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4 ways to avoid being scammed by a supplier

The most asked questions I get are “how to avoid being scammed by a supplier” or “how do I make sure this supplier is legit?

To be honest with you the easiest way to make 100% sure is to go visit the factory but I realise that most of you won’t be able to do so.

The goods news is there are ways to figure out if a supplier is legit or not without going to China. The bad news is that some of these options will cost you some money.

Here are my four proven ways of researching a supplier. I will go into detail for each one of them.

1) Factory audits

2) Alibaba research

3) Certificates & reports

4) Skype call

 

1) Factory audits

A factory audit is where you hire a Third-Party Inspection Company to conduct an audit at the factory’s facilities.

This way you can make 100% sure your supplier is legit.

Be aware that not all factories allow you to perform an audit at the location which is in turn already a huge red flag.

If they are willing to undergo an audit straight away it is a good sign already. You don’t necessarily need to perform an audit but announcing to a supplier before you order that you will conduct an audit already gives you some idea on what your supplier is up to.

Lets take a look at the procedure when booking a factory audit. There are many Third-Party Inspection companies out there and I mention them in a few posts (TUV, SGS, Bureau Veritas etc.) but I always use Asiainspection because they are efficient, cost effective and reliable. There are companies out there who charge half the price but you don’t have a convenient interface/dashboard online that lets you do the booking trough their system. Most of the cheaper Inspection Companies have only email/phone conversation bookings available.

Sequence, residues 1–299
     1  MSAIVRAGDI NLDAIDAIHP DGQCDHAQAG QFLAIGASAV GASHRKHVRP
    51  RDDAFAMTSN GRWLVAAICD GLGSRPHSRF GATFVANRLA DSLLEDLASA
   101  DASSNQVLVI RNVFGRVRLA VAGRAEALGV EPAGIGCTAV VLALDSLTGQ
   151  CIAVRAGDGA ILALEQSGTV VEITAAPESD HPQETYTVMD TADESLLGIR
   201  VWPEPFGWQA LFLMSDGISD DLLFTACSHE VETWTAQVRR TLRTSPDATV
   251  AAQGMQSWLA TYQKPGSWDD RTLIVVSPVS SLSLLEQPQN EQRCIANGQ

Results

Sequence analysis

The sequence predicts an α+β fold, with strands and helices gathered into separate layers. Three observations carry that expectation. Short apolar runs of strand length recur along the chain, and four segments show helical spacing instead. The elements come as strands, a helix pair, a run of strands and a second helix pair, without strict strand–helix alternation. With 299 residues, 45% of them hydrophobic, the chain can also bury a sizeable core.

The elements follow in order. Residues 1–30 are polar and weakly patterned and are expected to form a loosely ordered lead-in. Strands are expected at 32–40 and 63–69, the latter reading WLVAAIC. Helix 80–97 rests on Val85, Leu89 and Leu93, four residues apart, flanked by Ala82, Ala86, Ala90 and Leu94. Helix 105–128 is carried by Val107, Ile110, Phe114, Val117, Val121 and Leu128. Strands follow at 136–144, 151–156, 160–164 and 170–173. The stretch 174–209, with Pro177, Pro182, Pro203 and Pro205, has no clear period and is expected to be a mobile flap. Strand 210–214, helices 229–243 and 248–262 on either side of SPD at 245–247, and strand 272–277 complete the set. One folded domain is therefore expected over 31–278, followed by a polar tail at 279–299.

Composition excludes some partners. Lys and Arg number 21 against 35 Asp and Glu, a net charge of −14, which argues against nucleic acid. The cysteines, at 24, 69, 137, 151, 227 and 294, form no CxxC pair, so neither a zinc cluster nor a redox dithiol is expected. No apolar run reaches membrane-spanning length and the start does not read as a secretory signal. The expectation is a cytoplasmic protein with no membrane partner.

Lets take a look at how you can book an audit with a factory online trough Asiainspection.

Login into your account and click on “BOOK NOW” and then click on “Factory Audit”. This is how it looks like:

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Next thing is you need to start inputing general information such as your reference, the requested audit date etc.

You also need to let them know if this is a first audit or re-audit. Then they will take extra care for issues that you can input later.

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In the next mask you input the factory’s detail, contacts and addresses where you want the Inspector to go. The system also stores this information and makes it easier for you next time you want to audit or book some inspection at this factory.

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Do you have what it takes to start your import? 10 steps reality check

Starting your business from the scratch is not as easy as you might think. Trust me, I have been there.

Even if a friend of yours has a successful importing company and he is making millions, at some point he was probably close to bankruptcy and did not know what to do next.

Everyone starts off the same way; there is no get-rich-quick scheme that works. Well, none that I know. Your expecations are often not what reality will have in store for you.

It takes a lot of hard work and dedication. Especially when you’ve been working on your project for months with no results.

For me, the less money I had the more creative I got.

I was thinking of ways to make money I had not thought of before but at a certain point it was suddenly so clear to me. Things started to roll and I wish I had a guide to tell me what to do.

With the IMPORT BIBLE and the following checklist you have a guide on what you need to consider and questions you should ask yourself.

1) Do you have it in you?

  • Are you motivated enough?
  • Are you ready to work longer hours than ever before?